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Doing Harm: The Truth About How Bad Medicine And Lazy Science Leave Women Dismissed, Misdiagnosed, And Sick Hardcover – 27 March 2017

4.7 out of 5 stars 87 ratings

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Product details

  • ISBN-10 : 0062470809
  • Hardcover : 400 pages
  • ISBN-13 : 978-0062470805
  • Product Dimensions : 15.24 x 3.18 x 22.86 cm
  • Publisher : HarperCollins - US (27 March 2017)
  • Language: : English
  • Customer Reviews:
    4.7 out of 5 stars 87 ratings

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Review

"Dusenbery challenges a new generation of women and practitioners to fight for medical equity--shinning a harsh light on the sex bias that pervades every level of medicine. It's outrageous that such malignant neglect exists more than two decades after the government acknowledged the gaps in knowledge about women's health." --Leslie Laurence, co-author of Outrageous Practices

"Maya Dusenbery brings new life to one of the most urgent yet under-discussed feminist issues of our time. Anyone who cares about women's health needs to read this book." --Jessica Valenti, author of Sex Object

"Maya Dusenbery has added immensely to the literature on women's health."--NY Journal of Books

"Doing Harm demonstrates persuasively that subconscious gender-bias in medicine is very real and pervasive for women of all backgrounds, as doctors continue to apply a "one-size-fits-all" method of diagnosis and medical evaluation to their women patients."--Pacific Standard

"Doing Harm is a fearless account of the incompetence of our culture when it comes to treating women properly. Dusenbery writes about the institutional systems that are against women--from philosophy to pharmacy to popular culture--in an accessible, engaging, and organized narrative."--The Rumpus

"Doing Harm methodically and thoroughly lays out an indictment of the medical systems that still largely discount the experiences of women both individually and collectively. Doing Harm demands nothing short of system-wide change, starting with a call to providers at the most basic level"--Rewire

"an antidote to the isolation and maddening self-doubt that this all-too-common dismissal can impose. Her careful evidence answers the uncomfortable question that so often niggles in the doctor's office: 'Am I getting lesser care because I'm a woman?'"--Ms. Magazine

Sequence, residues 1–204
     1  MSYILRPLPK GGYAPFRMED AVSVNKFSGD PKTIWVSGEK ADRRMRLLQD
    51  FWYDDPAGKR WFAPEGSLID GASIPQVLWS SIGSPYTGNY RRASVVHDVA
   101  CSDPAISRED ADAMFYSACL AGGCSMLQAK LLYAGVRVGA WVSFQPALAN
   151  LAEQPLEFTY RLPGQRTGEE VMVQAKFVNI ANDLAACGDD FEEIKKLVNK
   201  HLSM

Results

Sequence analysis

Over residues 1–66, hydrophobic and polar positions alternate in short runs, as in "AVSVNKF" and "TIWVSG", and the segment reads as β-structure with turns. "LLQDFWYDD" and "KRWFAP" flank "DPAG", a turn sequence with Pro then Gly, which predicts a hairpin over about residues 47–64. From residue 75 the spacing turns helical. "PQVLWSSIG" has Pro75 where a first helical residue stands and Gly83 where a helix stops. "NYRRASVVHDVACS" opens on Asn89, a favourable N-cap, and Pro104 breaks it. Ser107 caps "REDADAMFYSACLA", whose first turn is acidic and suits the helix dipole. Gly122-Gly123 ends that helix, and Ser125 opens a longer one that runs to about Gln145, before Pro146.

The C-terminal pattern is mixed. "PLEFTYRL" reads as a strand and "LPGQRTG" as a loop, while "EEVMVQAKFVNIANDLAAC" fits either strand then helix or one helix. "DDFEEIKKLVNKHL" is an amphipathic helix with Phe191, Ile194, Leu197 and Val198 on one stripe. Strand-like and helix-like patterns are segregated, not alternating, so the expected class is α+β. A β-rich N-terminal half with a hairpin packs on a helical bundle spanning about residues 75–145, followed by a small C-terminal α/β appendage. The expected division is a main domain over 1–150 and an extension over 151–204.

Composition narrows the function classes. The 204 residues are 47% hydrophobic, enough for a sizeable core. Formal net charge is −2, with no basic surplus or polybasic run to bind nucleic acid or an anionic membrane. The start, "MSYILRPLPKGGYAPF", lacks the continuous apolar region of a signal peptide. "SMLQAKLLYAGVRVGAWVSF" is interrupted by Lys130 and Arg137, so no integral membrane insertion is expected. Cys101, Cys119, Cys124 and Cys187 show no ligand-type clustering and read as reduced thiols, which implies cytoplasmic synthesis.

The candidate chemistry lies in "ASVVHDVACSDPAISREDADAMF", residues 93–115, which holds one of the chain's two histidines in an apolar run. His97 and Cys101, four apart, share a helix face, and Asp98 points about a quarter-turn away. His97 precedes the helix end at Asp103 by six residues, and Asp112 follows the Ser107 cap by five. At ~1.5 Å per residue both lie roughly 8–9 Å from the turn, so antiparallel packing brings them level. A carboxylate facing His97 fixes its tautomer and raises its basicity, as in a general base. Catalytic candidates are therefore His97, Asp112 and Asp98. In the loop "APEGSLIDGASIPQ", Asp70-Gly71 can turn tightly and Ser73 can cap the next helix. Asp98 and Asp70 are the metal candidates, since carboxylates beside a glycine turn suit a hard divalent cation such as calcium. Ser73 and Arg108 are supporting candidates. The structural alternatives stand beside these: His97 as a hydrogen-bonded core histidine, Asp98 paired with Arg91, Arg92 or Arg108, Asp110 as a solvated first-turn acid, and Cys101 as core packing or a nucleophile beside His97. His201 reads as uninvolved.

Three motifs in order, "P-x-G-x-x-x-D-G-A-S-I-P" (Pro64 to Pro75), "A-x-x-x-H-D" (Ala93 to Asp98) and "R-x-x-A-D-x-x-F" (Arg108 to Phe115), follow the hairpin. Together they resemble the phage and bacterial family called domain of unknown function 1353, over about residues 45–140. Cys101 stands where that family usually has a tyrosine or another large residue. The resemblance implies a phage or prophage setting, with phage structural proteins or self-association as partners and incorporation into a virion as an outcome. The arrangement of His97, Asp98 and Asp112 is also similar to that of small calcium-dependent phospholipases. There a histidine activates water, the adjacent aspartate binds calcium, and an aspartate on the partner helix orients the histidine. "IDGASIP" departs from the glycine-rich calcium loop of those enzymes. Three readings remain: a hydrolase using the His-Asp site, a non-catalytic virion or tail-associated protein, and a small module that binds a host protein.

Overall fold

"the medical establishment has a poor history of taking women's health issues seriously --a history that Feministing editor Dusenbery takes on with full force in her new book"--Harpers Bazaar

"well researched, wonderfully truculent..."--NYT Daily

"As seen on FRESH AIR"--No Source

From the Back Cover

Editor of the award-winning site Feministing.com, Maya Dusenbery brings together scientific and sociological research, interviews with doctors and researchers, and personal stories from women across the country to provide the first comprehensive, accessible look at how sexism in medicine harms women today.

In Doing Harm, Dusenbery explores the deep, systemic problems that underlie women's experiences of feeling dismissed by the medical system. Women have been discharged from the emergency room mid-heart attack with a prescription for anti-anxiety meds, while others with autoimmune diseases have been labeled "chronic complainers" for years before being properly diagnosed. Women with endometriosis have been told they are just overreacting to "normal" menstrual cramps, while still others have "contested" illnesses like chronic fatigue syndrome and fibromyalgia that, dogged by psychosomatic suspicions, have yet to be fully accepted as "real" diseases by the whole of the profession.

An eye-opening read for patients and health care providers alike, Doing Harm shows how women suffer because the medical community knows relatively less about their diseases and bodies and too often doesn't trust their reports of their symptoms. The research community has neglected conditions that disproportionately affect women and paid little attention to biological differences between the sexes in everything from drug metabolism to the disease factors--even the symptoms of a heart attack. Meanwhile, a long history of viewing women as especially prone to "hysteria" reverberates to the present day, leaving women battling against a stereotype that they're hypochondriacs whose ailments are likely to be "all in their heads."

Offering a clear-eyed explanation of the root causes of this insidious and entrenched bias and laying out its sometimes catastrophic consequences, Doing Harm is a rallying wake-up call that will change the way we look at health care for women.

--Gloria Steinem